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There is a recently-coined technical usage (in mathematics) of the word "anima", borrowed from Latin to English. The funny thing about this coinage is that the coin-ers of the term insist on using "anima" as both a singular and plural form of the word. They explain that the plural "should" be "animae", but that just sounds bad to them, so they use "anima" instead.

This clashes with my own sensibilities -- it seems to me that clearly the (singular, plural) forms of the word should either be (anima, animae) or else (animum, anima), or perhaps (animus, animi) if we follow the Latin, or else they should be (anima, animas) if we just anglicize everything.

But of course, it's not up to me. Even if I typically use "animae" as the plural in my own speech, I'd like to have a way to "justify" the usage of the word-coiners here, if only so that I can more comfortably slip into "their" usage when speaking to them. So this leads to my

Question: How can I "justify" this funny borrowing to myself? For example, are there other comparable examples of words borrowed from Latin into English (or between other languages) with confused declensions? Is this even a general phenomenon?

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    I would say this is probably indefensible to pedants. An infelicitous choice. – Cerberus Jan 6 at 0:32
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It's not uncommon cross-linguistically for borrowed words to be "indeclinable"—that is, they don't inflect in any way, even if they should according to the rules of the destination language. For example, in French, the plural of caribou is caribous. But when it was borrowed into English it became indeclinable: one caribou, many caribou.

This is fairly rare in English (mostly occurring with names of animals and very recent borrowings), but shows up frequently in Latin and Greek, where case marking on nouns makes it more obvious. Most names borrowed from Hebrew, for example, are indeclinable: Latin Gabriel and Greek Γαβριηλ look the same in every case (and presumably every number, if you need to talk about multiple Gabriels).

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  • Thanks! I think this will help me feel more comfortable with this usage. – Tim Campion Jan 6 at 0:27
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    I'd like to add that this never(?) happens with Latin words borrowed into English unless the Latin word was already very peculiar, pobably never at all? – Cerberus Jan 6 at 0:30
  • @Cerberus Thanks, I think this confirms my impressions! So this borrowing is at the very least highly unusual in the context of Latin-to-English borrowings, but in a broader context is potentially justifiable. I don't know if it makes a difference but I believe that at least one of the word-coiners here is a native German speaker. I wonder if this sort of thing is more common when borrowing into German? – Tim Campion Jan 6 at 0:34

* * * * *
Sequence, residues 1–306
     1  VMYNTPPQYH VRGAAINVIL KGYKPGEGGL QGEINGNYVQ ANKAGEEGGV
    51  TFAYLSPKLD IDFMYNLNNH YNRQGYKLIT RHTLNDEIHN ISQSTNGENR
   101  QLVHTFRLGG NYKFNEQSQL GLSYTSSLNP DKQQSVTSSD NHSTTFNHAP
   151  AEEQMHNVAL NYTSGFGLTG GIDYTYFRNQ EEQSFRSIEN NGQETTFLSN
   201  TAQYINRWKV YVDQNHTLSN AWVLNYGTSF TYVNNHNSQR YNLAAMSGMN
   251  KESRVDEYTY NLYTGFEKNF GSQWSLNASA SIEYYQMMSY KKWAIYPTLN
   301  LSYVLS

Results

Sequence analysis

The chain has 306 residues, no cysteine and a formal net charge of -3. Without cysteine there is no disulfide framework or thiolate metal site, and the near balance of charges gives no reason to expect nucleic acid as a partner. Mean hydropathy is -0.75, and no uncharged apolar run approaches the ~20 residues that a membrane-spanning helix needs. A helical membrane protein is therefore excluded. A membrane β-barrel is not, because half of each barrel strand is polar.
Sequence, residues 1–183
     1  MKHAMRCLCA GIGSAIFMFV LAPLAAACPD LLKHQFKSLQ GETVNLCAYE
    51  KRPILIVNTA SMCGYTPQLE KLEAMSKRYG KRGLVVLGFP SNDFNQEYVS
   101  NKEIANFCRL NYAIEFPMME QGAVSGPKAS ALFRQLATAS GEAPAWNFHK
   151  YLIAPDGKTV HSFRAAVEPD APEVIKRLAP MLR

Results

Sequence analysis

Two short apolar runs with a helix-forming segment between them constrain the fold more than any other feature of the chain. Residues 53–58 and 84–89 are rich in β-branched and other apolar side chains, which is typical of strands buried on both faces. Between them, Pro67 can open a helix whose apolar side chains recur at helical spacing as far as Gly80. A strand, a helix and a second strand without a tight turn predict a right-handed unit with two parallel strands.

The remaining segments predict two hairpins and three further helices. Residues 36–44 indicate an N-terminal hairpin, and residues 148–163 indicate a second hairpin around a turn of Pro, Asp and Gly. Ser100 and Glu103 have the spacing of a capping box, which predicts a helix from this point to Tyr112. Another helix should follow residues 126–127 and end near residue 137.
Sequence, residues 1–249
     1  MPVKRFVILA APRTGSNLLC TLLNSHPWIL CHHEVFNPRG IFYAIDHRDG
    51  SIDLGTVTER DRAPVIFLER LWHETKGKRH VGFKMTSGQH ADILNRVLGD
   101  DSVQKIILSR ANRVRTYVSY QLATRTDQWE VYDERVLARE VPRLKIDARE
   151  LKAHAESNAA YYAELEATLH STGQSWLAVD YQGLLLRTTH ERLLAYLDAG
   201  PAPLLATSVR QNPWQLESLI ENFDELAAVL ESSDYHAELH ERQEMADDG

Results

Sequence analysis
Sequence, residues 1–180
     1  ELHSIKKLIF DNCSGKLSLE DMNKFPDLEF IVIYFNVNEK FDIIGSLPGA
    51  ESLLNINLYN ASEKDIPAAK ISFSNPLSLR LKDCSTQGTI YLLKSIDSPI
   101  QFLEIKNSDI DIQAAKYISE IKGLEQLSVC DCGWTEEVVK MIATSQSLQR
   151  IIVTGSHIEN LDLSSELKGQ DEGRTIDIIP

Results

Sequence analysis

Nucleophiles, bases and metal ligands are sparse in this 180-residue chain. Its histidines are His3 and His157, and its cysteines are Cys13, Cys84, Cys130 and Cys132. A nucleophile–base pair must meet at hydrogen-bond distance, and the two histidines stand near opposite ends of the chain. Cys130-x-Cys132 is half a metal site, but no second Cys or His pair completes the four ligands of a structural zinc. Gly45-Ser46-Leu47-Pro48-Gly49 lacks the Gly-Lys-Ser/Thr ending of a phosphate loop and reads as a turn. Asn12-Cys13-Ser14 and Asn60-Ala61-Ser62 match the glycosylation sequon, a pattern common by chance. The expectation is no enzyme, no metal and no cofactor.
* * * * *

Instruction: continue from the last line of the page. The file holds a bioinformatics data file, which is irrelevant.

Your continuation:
• @Cerberus There's a little bit of precedent, in that non-neuter fourth and fifth declension nouns look the same in the nom sg and nom pl so they tend to look indeclinable in English (ictus, species). And I could imagine people who don't know Latin extrapolating from that to some other Latin nouns. It's not great precedent, but it's something. – Draconis Jan 6 at 1:00
  • (Well, "the same" if you ignore vowel length, but that's standard in English borrowings.) – Draconis Jan 6 at 1:01
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I'm one of the two people who suggested that term.

I'm completely fine with having the plural be "animae". The only reason I didn't like it is that I'm not familiar with any other "-ae" plural occuring in English, and at least when pronounced in the way one would (I think) use in German, it just sounds awful to me. So the main reason I "voted" for the plural being "anima" is actually that I felt it would make it easier to speak, and thus make adoption easier. But if you'd rather say "animae" (pronounced in any way you see fit), that's fine by me. I also think it's a very minor issue if there is some slight inconsistency in how people pluralize the word.

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  • Thanks, Peter! I have to laugh, just because I feel as though I've blown this question out of proportion. Sorry about that! – Tim Campion Feb 25 at 12:16
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    Compare panini, which is commonly used as singular in English. Plural sometimes panini and sometimes paninis. – Colin Fine Feb 25 at 16:18
  • There's "alga" whose plural is "algae", pronounced "AL-gee". – Kenny Lau Mar 19 at 20:02

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